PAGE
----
Bow Tie Cinemas

Bow Tie Cinemas is an American movie theater chain, with 38 locations in Colorado, Connecticut, Maryland, New Jersey, New York, and Virginia.[1] As of 2013, it is the eighth-largest movie theater chain in the United States and is the oldest, having been founded in 1900.[2] Bow Tie Cinemas is family-owned and has been for four generations.

Bow Tie Cinemas, LLC
TypePublic
IndustryEntertainment (movie theaters)
Founded1900, New York City
HeadquartersRidgefield, Connecticut
Key people
B.S. Moss, Founder
Ben Moss
Charles B. Moss, Jr.
Joseph Masher (COO)
ProductsBow Tie Cinemas
Websitewww.bowtiecinemas.com

The company was established by Benjamin S. Moss (1878 - 1951) who opened nickelodeon venues, then shifted to Vaudeville venues, before settling on movie theaters.

HistoryEdit

B.S. Moss immigrated to the U.S. from Austria in 1900. He opened venues for nickelodeons. He soon changed to operating venues for the Vaudeville circuit and also established a film production company. The film production company produced Margaret Sanger's film Birth Control which was banned from release in New York in 1915. B. S. Moss Motion Picture Company presented Three Weeks (1914) and produced One Day (1916), Boots and Saddles (1916), The Power of Evil (1916), and The Salamander (1916).

B. S. Moss Enterprises operated several movie theaters.[3] In 1910, Moss organized the syndicate that built the $100,000 Washington Theatre at Amsterdam Avenue and 149th Street, known as the first "real" movie palace in New York City.[4] Moss' Vaudeville theaters included Manhattan's Colony Theater, notable for being the venue of several high-profile Disney premieres including Fantasia and Steamboat Willie, the first Disney cartoon to feature Mickey Mouse.

 
The B. S. Moss Broadway Theater showing White Hands in 1922

In the 1930s, Moss decided to focus more on the movie business and phased out his vaudeville program. In 1936, he opened his Criterion Theater in Times Square, which lasted as a successful movie theater until 2000. Since then, Bow Tie Cinemas has continued to concentrate on the presentation of films.[5]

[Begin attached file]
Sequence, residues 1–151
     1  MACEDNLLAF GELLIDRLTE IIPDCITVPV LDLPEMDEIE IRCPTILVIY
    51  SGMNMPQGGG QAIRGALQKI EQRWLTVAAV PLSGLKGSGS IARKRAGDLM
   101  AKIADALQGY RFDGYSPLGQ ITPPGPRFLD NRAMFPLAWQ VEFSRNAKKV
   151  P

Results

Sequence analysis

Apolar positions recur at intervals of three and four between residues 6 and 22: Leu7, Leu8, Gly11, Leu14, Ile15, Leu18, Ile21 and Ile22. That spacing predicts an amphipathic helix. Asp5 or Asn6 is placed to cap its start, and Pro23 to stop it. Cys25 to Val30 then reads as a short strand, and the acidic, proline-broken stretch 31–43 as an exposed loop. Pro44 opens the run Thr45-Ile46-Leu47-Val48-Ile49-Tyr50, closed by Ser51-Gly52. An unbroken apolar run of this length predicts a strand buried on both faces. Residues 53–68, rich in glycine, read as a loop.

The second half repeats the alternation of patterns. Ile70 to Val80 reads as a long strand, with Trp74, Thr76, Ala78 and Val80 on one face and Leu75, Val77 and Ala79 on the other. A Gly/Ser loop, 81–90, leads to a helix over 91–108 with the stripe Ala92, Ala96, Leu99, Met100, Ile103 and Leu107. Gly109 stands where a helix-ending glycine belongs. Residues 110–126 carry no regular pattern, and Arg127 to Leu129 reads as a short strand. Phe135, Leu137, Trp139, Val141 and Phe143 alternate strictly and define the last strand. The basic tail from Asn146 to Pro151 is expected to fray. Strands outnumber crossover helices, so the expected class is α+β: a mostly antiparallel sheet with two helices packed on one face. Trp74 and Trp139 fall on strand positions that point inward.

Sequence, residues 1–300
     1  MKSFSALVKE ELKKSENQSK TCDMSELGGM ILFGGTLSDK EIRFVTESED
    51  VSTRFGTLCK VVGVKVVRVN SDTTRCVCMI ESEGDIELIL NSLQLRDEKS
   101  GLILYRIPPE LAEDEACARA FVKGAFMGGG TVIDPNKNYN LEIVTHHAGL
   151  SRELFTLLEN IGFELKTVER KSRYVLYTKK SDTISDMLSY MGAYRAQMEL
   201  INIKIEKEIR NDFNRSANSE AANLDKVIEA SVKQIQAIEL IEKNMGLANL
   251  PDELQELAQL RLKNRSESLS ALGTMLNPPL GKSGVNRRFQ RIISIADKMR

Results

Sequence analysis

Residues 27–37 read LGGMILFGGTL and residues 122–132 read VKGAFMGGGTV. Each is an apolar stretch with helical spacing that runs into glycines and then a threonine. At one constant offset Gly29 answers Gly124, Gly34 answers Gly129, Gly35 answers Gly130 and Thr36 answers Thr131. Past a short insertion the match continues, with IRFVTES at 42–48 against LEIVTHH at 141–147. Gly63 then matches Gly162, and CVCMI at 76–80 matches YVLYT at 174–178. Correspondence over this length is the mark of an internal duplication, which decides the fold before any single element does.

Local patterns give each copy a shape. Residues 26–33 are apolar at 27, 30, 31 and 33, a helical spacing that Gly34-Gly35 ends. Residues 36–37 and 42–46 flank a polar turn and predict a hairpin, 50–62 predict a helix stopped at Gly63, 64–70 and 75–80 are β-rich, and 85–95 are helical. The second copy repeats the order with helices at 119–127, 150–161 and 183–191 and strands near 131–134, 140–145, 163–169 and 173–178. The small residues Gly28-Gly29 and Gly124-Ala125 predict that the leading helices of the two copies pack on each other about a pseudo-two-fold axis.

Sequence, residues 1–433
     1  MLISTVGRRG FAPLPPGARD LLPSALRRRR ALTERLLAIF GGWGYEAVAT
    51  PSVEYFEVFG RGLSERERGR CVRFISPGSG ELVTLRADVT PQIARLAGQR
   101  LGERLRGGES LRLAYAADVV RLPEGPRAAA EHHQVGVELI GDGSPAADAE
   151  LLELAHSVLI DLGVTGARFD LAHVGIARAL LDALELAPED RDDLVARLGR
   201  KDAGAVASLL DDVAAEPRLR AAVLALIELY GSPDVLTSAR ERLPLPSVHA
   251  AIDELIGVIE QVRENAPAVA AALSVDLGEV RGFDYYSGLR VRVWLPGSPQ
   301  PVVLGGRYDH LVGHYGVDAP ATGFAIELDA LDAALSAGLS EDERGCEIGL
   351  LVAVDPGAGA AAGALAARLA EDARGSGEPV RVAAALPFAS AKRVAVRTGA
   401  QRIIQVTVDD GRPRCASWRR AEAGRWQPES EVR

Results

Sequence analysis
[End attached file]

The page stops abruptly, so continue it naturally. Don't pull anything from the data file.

Bow Tie CinemasEdit

 
Bow Tie Cinemas in Reston Town Center, Reston, Virginia

The company changed its name to Bow Tie Cinemas in 2004, upon opening its Criterion Cinemas complex in Downtown New Haven, Connecticut. The name honors the company's flagship property, located where Broadway and 45th meet in Manhattan, known as the "Bow Tie" of Times Square.

Bow Tie operates many different types of theaters, from historic in-town cinemas to a 21-screen complex in Richmond, VA. The company's premium large format auditoriums are known as "BTX - Bow Tie X-Treme(R)".

Bow Tie has continued to grow and innovate. In 2017 the company debuted its new "Ultimate" locations in Norwalk, CT, featuring luxury electric recliner seating with in-theater restaurant and a full bar. Bow Tie Ultimate(TM) locations feature fresh baked artisan pizzas, and an array of dining options. Ultimate locations are now open in Norwalk, CT (Ultimate Royale 6 and Ultimate Regent 8); Trumbull, CT (Ultimate Marquis 16 & BTX); and Annapolis, MD (Ultimate Annapolis Mall 11 & BTX) and Stamford, CT (Ultimate Majestic 6 & BTX).

In spring 2022 five Connecticut Bow Tie theaters were sold to AMC Entertainment. These included two in Stamford, two in Norwalk, and one in Trumbull. They had previously closed three theaters, one each in Greenwich, New Canaan, and Wilton.

2013 acquisition of Clearview CinemasEdit

Clearview Cinemas was a movie theater chain within the New York metropolitan area founded in 1994. From 1998 to 2013, Clearview was a subsidiary of Cablevision. In 2013, Bow Tie Cinemas acquired forty-one Clearview theatres.[6] The forty-second location, the Ziegfeld Theatre in New York City, was retained by Cablevision, but Bow Tie continued to operate the theater until it was closed as a theater in 2016.[2]

ReferencesEdit

  1. ^ "Theater Locations." Bow Tie Cinemas. N.p., n.d. Web. 05 Aug. 2014.
  2. ^ a b BLOOMBERG NEWS (April 29, 2013). "Bow Tie Cinema to buy theaters from Cablevision Systems". Newsday.
  3. ^ "Movie Theaters Previously Operated by B.S. Moss Enterprises - Cinema Treasures".
  4. ^ New York Times Obituary
  5. ^ "About Bow-Tie Cinemas." Bow Tie Cinemas. N.p., n.d. Web. 05 Aug. 2014.
  6. ^ Stein, Linda (May 17, 2013). "Bow Tie Cinemas new owners of Anthony Wayne, Bala theaters". Mainline Media News.